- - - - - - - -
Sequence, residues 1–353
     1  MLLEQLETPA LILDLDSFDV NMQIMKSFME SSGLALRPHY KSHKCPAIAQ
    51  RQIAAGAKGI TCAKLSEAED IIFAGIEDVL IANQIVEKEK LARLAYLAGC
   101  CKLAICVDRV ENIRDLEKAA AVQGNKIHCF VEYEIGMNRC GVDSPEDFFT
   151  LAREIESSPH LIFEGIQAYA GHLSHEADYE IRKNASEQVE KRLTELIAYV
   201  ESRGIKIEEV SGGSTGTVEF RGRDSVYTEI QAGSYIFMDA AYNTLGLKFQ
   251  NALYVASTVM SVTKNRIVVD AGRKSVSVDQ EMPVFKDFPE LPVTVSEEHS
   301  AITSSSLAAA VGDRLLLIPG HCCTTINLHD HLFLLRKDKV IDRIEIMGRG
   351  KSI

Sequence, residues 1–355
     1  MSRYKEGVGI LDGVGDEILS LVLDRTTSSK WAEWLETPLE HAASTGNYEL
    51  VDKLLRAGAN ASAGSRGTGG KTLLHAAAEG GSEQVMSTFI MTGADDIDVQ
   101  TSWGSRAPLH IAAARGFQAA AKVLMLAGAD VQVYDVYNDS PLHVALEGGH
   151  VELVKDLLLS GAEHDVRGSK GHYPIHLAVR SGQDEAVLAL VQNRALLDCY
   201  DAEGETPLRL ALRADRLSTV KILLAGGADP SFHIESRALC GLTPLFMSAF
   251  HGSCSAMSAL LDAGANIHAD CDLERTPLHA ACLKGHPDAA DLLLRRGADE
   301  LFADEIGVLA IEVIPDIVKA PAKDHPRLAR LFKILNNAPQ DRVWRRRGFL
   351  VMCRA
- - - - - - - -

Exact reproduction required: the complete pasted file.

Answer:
Sequence, residues 1–353
     1  MLLEQLETPA LILDLDSFDV NMQIMKSFME SSGLALRPHY KSHKCPAIAQ
    51  RQIAAGAKGI TCAKLSEAED IIFAGIEDVL IANQIVEKEK LARLAYLAGC
   101  CKLAICVDRV ENIRDLEKAA AVQGNKIHCF VEYEIGMNRC GVDSPEDFFT
   151  LAREIESSPH LIFEGIQAYA GHLSHEADYE IRKNASEQVE KRLTELIAYV
   201  ESRGIKIEEV SGGSTGTVEF RGRDSVYTEI QAGSYIFMDA AYNTLGLKFQ
   251  NALYVASTVM SVTKNRIVVD AGRKSVSVDQ EMPVFKDFPE LPVTVSEEHS
   301  AITSSSLAAA VGDRLLLIPG HCCTTINLHD HLFLLRKDKV IDRIEIMGRG
   351  KSI

Sequence, residues 1–355
     1  MSRYKEGVGI LDGVGDEILS LVLDRTTSSK WAEWLETPLE HAASTGNYEL
    51  VDKLLRAGAN ASAGSRGTGG KTLLHAAAEG GSEQVMSTFI MTGADDIDVQ
   101  TSWGSRAPLH IAAARGFQAA AKVLMLAGAD VQVYDVYNDS PLHVALEGGH
   151  VELVKDLLLS GAEHDVRGSK GHYPIHLAVR SGQDEAVLAL VQNRALLDCY
   201  DAEGETPLRL ALRADRLSTV KILLAGGADP SFHIESRALC GLTPLFMSAF
   251  HGSCSAMSAL LDAGANIHAD CDLERTPLHA ACLKGHPDAA DLLLRRGADE
   301  LFADEIGVLA IEVIPDIVKA PAKDHPRLAR LFKILNNAPQ DRVWRRRGFL
   351  VMCRA